Tunisia - Country Commercial Guide
Trade Financing
Last published date:

Methods of Payment

Local law prohibits the export of foreign currency from Tunisia to pay for imports prior to the presentation of bank documents confirming that the merchandise was shipped to the country.  Usually, a freight forwarder or Tunisian Customs documents fulfill this requirement.  In past transactions, U.S. exporters have used confirmed irrevocable letters of credit, or letters of credit that authorize “payment against documents.”

For more information about the methods of payment or other trade finance options, please read the Trade Finance Guide.

Banking Systems

The Tunisian banking sector is composed of 30 banks, 12 of which are publicly traded on the Tunisian stock market.  There are six state-owned banks of which Société Tunisienne de Banque (STB), Banque Nationale Agricole (BNA), and Banque de l’Habitat (BH) are among the largest in the country.  Per the 2021 Central Bank of Tunisia (CBT) report on banking supervision, state-owned banks collectively represent 36.6% of banking assets, 40.3% of banking sector credits, and 29.8% of banking sector deposits.  The CBT strictly regulates the country’s banks.  The CBT insists bank reserves and balance sheets comply with international standards.  All Tunisian banks are under pressure to improve their performance and balance sheets.  Recent bank actions include continued reductions in non-performing loan (NPL) ratios, implementation of tighter credit risk controls, enhanced recovery procedures, and upgrades of under-developed IT applications. 

Parliament adopted a new Central Bank Statute in May 2016, as well as laws regarding recapitalization of BH and STB in August 2015.  Other recent reforms include mandates for financial stability, consumer protection, and emergency liquidity assistance to insolvent banks, as well as a macro-prudential oversight committee to ensure the banking system’s overall stability.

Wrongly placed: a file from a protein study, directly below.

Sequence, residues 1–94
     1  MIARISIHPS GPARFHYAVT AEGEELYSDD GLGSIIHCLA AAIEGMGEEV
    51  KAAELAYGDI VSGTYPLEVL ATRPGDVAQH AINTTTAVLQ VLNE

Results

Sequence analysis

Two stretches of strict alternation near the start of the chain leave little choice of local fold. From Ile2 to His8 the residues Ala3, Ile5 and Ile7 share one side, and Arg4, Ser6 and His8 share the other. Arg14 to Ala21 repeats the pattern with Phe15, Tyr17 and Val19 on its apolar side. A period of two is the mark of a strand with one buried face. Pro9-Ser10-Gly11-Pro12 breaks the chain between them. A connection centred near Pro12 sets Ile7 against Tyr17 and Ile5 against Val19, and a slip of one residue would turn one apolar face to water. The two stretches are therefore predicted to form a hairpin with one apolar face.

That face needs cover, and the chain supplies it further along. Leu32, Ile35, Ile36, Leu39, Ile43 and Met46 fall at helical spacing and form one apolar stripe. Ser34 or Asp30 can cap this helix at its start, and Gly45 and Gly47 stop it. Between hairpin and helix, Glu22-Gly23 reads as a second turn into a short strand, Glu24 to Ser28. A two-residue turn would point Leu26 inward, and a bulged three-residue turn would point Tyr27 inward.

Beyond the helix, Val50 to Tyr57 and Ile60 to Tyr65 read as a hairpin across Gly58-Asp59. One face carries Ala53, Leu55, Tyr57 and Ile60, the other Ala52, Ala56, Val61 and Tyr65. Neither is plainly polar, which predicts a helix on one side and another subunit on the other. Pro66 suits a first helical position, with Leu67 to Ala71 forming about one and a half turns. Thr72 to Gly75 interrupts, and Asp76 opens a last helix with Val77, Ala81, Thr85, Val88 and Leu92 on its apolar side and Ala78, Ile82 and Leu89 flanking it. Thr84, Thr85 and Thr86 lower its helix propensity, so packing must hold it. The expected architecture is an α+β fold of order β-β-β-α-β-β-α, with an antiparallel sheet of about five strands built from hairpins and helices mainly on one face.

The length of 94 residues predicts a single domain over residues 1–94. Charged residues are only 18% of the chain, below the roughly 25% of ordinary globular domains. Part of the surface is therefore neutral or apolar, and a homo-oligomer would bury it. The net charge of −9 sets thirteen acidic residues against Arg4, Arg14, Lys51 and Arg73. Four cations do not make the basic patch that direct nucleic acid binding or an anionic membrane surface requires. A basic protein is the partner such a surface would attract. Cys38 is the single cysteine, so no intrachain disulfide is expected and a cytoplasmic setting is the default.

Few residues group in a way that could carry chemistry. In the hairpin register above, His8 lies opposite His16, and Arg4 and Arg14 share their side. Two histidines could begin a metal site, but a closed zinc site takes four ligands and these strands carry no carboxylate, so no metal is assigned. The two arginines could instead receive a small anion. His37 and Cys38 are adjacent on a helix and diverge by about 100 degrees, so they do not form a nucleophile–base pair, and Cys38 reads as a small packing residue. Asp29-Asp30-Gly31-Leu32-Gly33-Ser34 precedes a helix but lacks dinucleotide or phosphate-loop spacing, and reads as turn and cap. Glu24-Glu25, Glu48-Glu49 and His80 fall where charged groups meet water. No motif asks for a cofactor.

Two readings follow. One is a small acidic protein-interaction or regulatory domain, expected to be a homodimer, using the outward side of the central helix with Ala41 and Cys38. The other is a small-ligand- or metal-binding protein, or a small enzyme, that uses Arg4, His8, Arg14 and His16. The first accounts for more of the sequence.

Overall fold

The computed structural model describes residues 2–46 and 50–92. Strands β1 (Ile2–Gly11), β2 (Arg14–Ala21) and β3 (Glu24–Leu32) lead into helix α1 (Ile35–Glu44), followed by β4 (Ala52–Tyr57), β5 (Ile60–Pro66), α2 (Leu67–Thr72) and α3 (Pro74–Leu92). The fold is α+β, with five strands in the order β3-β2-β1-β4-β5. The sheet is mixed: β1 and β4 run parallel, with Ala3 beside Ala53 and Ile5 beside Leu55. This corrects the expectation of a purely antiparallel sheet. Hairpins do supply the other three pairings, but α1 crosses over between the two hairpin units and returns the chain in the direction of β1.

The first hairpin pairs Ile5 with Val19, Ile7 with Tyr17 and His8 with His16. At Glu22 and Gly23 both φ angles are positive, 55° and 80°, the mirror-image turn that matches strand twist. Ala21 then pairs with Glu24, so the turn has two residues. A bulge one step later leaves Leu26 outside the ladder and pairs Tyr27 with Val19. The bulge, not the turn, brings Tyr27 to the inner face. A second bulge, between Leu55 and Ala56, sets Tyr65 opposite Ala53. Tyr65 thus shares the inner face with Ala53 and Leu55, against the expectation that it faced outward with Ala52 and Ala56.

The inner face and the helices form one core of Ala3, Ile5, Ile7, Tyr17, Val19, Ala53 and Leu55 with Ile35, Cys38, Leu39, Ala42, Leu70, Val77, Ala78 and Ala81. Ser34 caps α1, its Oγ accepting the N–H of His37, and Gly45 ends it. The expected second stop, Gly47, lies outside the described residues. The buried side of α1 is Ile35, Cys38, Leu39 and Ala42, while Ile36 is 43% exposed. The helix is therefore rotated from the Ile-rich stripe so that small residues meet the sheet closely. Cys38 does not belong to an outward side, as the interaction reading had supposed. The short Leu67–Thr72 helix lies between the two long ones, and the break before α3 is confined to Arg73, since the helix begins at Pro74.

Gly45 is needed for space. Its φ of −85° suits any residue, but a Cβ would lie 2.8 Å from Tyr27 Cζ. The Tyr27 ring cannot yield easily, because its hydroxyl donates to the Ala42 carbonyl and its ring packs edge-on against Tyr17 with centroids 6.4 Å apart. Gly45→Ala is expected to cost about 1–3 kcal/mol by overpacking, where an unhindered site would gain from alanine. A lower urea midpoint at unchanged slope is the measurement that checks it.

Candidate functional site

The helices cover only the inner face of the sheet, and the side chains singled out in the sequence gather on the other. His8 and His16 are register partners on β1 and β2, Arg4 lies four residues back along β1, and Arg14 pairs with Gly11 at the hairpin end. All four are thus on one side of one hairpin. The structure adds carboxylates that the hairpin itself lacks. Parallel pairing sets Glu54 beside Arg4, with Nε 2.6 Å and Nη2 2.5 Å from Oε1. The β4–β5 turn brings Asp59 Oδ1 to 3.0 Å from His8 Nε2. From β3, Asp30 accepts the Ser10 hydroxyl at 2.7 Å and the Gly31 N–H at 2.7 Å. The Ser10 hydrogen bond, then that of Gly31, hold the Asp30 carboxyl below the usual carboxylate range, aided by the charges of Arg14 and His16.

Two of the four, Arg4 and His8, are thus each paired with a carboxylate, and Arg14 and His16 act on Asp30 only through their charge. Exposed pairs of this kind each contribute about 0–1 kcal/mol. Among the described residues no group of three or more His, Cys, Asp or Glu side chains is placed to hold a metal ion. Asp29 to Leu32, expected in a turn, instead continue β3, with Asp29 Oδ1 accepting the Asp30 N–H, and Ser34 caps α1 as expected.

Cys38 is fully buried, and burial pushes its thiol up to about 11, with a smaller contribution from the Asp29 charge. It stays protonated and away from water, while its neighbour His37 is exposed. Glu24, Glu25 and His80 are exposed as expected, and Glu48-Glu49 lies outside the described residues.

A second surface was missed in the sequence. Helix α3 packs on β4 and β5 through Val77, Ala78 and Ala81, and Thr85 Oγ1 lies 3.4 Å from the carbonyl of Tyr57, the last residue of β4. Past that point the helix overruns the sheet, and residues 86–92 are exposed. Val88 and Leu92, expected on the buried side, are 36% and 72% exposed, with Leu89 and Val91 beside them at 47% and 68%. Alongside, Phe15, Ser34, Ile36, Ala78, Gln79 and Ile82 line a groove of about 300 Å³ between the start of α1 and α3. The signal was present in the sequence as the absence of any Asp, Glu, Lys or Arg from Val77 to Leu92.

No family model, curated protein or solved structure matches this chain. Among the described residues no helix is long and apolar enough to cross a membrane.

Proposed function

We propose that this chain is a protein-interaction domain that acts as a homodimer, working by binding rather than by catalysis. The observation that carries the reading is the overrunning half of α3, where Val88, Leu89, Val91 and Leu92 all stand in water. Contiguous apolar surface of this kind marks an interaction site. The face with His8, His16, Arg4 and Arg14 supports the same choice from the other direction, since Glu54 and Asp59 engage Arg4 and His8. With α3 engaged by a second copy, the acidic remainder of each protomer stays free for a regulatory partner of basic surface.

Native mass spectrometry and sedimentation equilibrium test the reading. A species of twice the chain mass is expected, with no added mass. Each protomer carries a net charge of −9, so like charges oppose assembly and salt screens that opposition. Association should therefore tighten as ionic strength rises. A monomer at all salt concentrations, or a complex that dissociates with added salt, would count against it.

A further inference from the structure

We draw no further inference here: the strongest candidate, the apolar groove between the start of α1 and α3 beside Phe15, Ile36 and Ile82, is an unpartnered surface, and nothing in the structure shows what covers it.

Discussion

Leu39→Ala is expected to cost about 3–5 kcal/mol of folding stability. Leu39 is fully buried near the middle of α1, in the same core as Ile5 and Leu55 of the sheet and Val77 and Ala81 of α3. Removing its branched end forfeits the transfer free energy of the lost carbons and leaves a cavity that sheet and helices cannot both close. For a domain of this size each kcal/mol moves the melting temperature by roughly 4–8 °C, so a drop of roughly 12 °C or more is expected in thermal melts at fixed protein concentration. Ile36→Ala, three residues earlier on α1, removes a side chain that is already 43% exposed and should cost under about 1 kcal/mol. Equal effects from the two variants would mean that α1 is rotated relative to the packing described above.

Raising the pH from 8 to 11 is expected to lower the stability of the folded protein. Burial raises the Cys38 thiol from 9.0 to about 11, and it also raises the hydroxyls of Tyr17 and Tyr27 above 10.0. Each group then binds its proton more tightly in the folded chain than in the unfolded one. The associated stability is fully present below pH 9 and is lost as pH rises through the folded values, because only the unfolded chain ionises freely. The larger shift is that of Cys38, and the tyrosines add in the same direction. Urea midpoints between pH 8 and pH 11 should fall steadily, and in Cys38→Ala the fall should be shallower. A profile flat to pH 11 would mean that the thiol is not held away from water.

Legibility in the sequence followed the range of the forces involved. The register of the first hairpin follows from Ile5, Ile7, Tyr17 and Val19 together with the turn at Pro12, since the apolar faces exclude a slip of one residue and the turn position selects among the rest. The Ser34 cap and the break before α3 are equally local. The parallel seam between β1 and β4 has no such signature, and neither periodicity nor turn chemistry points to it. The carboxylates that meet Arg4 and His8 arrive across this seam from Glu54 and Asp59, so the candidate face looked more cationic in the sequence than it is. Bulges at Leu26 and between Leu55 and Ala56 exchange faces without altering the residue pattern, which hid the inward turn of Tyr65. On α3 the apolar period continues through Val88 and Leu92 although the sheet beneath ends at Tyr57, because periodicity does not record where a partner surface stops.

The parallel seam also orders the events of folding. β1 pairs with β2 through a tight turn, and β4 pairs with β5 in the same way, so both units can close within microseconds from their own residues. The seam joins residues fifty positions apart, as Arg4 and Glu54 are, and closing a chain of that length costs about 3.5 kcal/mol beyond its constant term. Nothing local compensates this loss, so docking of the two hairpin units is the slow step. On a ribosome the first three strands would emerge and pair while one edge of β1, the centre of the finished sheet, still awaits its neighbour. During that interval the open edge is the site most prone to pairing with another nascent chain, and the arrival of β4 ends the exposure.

Despite these reforms, the Tunisian banking system remains fragile.  According to the CBT banking supervision report, the overall capital adequacy ratio of the Tunisian banking system, which measures the ratio of banks’ capital to their risk, stood at 13.4% in 2021, over the regulatory requirement of 10%.  NPLs rose to 13.1% of total loans by value in 2021.

For additional information on financing, visit the U.S. Department of State Investment Climate Statements.

Foreign Exchange Controls

The Tunisian dinar is convertible for current-account transactions.  Companies or individuals engaging in foreign trade can apply to the CBT for a convertible currency account.  Foreign investors may freely repatriate profits and proceeds from the sale of equity, but other transfers may be subject to Central Bank authorization, and delays may occur in repatriation.  Most trade-related transactions are conducted through letters of credit or bank transfers without difficulty.

Royalty payments must be approved by relevant government ministries in consultation with the CBT on a case-by-case basis.  Royalty rates reflect the estimated value of the involved technology and the duration of the particular contract.

U.S. Banks and Local Correspondent Banks

Citibank is the only U.S. bank operating in Tunisia.  It has both onshore and offshore branches, with offices in Tunis and Sfax.  The bank deals with onshore corporate clients only.

Most Tunisian banks maintain a correspondent banking relationship with one or more U.S. banks.  Several of them also work with Western Union and Moneygram for the transfer of funds into and out of Tunisia.

The Export-Import Bank of the United States (EXIM) offers trade financing solutions and support to U.S. businesses exporting goods and services to Tunisia.  For more details, please visit https://www.exim.gov/.